Writing as things come to me.

Not everything you see will always be coming across as fully formed thoughts. I tried to sit down before and write perfectly formed articles with everything perfectly coherent… and failed. Mostly I’m snatching moments of thought. I remember mama sticking just dusted off chickweed in my mouth when I was very very small saying “Taste it!” or the seed pods off the beautiful pink wood sorrel that was all over my aunt Ode’s yard.

My aunt Odella Morgan (Ode to us) had a little falling down shack in Warren, Texas and was my mother’s oldest sister. Born in 1906, she remembered my great grandmother Nancy-Ann very well and had studied at her knee to learn all the remedies she used. When she understood that I was interested in plants, she was delighted to say the least. Her yard was filled with plants, lemongrass, chili pequin, gardenia bushes the size of large cars, hydrangeas, four-o-clocks, a fig tree that three of us couldn’t wrap our arms around the trunk and she had the branches braced up with 2x4s. Everything imaginable… and one memory sticks out.

At the edge of her porch was growing this great massive tree of a crepe myrtle. Mama was walking past and stopped and stared. There were fruit hanging from the crepe myrtle tree! That didn’t make sense… crepe myrtles don’t fruit. I remember mama being completely and utterly confused standing there looking at this tree going “Ode? What the hell?” I can still hear the bewilderment in her voice.
What? Oh that? That’s some chayotes I stuck in the ground.
“Why are they in the crepe myrtle though?”
Because it’s easier that way!

I can’t help but laugh. I do this nonsense now. I have catnip and a jackfruit seedling growing in with my avocado tree. And now I understand why she did it. Apparently the squash will rot quickly if in contact with the ground and needs a trellis. Cue the wheels turning. She’s got a tree that is easy for it to climb, and it is right next to the porch for easy harvesting. I’d do it too!

So pardon me if sometimes I take a left turn into memory, and I apologize for the black walnut post. Eventually I’ll sit down, collect all my thoughts and turn it into a proper post. In time.


On the subject of mint…

Sitting here going through my pictures I’m reminded of something that I like to point out to help people identify.

All mints have square stems. Sometimes a picture is worth a thousand words and when digging through some of my older pictures I took of some henbit, I came across this.


Rather proud of myself because I managed to illustrate it perfectly. But more often than not, you can feel it between your fingers when you twirl it. Even if you can’t see it.

A favorite nibble… Chickweed.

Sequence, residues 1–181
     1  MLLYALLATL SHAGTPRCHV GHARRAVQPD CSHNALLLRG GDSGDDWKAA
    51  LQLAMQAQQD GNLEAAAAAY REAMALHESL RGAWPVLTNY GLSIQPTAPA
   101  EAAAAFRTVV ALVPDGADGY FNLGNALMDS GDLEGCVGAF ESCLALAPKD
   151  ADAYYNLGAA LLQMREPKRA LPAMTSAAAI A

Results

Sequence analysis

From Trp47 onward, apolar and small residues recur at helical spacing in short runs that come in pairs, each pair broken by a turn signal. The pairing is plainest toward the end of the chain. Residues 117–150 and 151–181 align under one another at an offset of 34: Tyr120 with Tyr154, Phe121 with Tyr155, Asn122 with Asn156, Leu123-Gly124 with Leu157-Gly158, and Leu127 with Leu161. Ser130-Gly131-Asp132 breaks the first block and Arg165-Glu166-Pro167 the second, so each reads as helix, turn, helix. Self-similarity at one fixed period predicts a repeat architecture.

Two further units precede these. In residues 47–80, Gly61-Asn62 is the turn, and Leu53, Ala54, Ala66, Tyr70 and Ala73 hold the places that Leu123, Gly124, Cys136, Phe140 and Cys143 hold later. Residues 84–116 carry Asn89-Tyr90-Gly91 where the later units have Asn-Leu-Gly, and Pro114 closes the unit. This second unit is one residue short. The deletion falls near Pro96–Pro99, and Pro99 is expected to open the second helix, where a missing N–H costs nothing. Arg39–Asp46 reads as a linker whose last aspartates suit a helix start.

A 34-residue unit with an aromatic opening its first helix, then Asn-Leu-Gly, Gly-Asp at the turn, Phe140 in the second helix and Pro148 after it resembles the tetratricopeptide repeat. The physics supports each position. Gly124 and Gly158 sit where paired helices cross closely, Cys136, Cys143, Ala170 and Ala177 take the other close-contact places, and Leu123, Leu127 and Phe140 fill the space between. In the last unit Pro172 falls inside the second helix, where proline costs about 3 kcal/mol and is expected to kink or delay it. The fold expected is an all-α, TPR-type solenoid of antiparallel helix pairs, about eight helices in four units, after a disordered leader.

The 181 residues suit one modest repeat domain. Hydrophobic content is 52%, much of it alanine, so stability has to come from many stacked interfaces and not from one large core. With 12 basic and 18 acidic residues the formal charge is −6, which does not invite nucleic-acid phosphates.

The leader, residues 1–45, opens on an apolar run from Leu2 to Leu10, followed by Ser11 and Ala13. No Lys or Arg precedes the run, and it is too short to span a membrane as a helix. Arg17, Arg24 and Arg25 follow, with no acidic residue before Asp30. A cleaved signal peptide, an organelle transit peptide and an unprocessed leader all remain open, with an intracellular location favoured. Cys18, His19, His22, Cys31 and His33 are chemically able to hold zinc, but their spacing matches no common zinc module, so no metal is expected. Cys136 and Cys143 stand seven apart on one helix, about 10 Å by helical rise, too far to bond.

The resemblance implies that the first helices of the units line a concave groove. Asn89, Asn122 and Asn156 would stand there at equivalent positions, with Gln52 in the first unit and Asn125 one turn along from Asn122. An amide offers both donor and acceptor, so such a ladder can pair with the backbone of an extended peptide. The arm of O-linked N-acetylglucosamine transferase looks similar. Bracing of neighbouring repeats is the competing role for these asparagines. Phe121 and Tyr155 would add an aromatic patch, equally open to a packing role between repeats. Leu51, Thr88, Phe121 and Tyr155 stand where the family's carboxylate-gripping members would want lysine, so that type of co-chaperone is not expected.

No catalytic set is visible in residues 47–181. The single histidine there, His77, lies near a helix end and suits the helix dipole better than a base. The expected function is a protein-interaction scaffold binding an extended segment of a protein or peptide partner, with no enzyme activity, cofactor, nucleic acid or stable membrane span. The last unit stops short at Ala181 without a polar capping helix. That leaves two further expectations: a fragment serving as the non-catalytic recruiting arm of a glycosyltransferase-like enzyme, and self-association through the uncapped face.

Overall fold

One of my favorite winter nibbles. Chickweed is ubiquitous in all but summer in Texas. Normally you will find it growing on the north side of the house in the dead of winter, or in the early spring when everything is just waking up. There’s a million recipes out there for chickweed pesto. We would graze on it while weeding the flower beds.

I remember being served chickweed at the restaurant on top of Reunion Tower in downtown Dallas. One of those $70 per person meals, I’m eating my salad and taste something extremely familiar and move the candle to see what it is that I’m eating and it’s chickweed on my fork. The younger it is, the more tender and tasty it is. If you let it get all leggy and go to seed, it’s a bit past prime.

We used it as a poultice for skin rashes or a topical anti-inflammatory for arthritis. And it is absolutely a diuretic when you drink it as a tea. It also reduces coughing and helps with mild colds.

Very very high in calcium, magnesium, potassium, and vitamin C. This is one of the things we would recommend for swollen legs, aching joints, and muscle cramps.

And it’s tasty. 🙂

All in that little weed you curse in your flower beds.

Why I look funny when asked for blood pressure medication.

I can come up with four treatments for diabetes. I have more antibiotics and wound dressings than you can shake a stick at. This is a joke because most of my antibiotics come from trees. So I always feel a bit like an idiot when people ask me for high blood pressure medication.

Then I got to thinking. The majority of my medicine, almost everything and absolutely everything that sticks is handed down the line from my grandmother and great grandmother.

They treated symptoms. Somebody is immediately bleeding to death or the baby is coming or there’s a horrific accident or animal attack. Or there had been an attack or bite and it got infected and now they have to treat it. Think triage.

We didn’t know what diabetes was. All we knew it as was a wasting disease. It didn’t matter how much somebody ate, they just wasted away until they died. Always thirsty. We knew if we added these foods to the diet, that the symptoms would lessen. But high blood pressure doesn’t have any symptoms. We can’t diagnose it. To know something is wrong, you must have a blood pressure cuff to see it. You can’t see it in the eyes or skin or smell it on their breath. We had no way to treat polio, and our cold medications while effective, still left you feeling like crap until it passed.

There are no magic bullets in our pharmacopeia. I can tell you poultices for arthritis, and there’s more insect repellents out there than you can imagine. But cancer still killed people. Type 1 diabetes was a death sentence until we got insulin. But we still tried. I remember the stories of my grandmother dancing in the living room about DNA or the polio vaccine. We have watched medicine go from “Hell if I know?” to the wonder that it is today.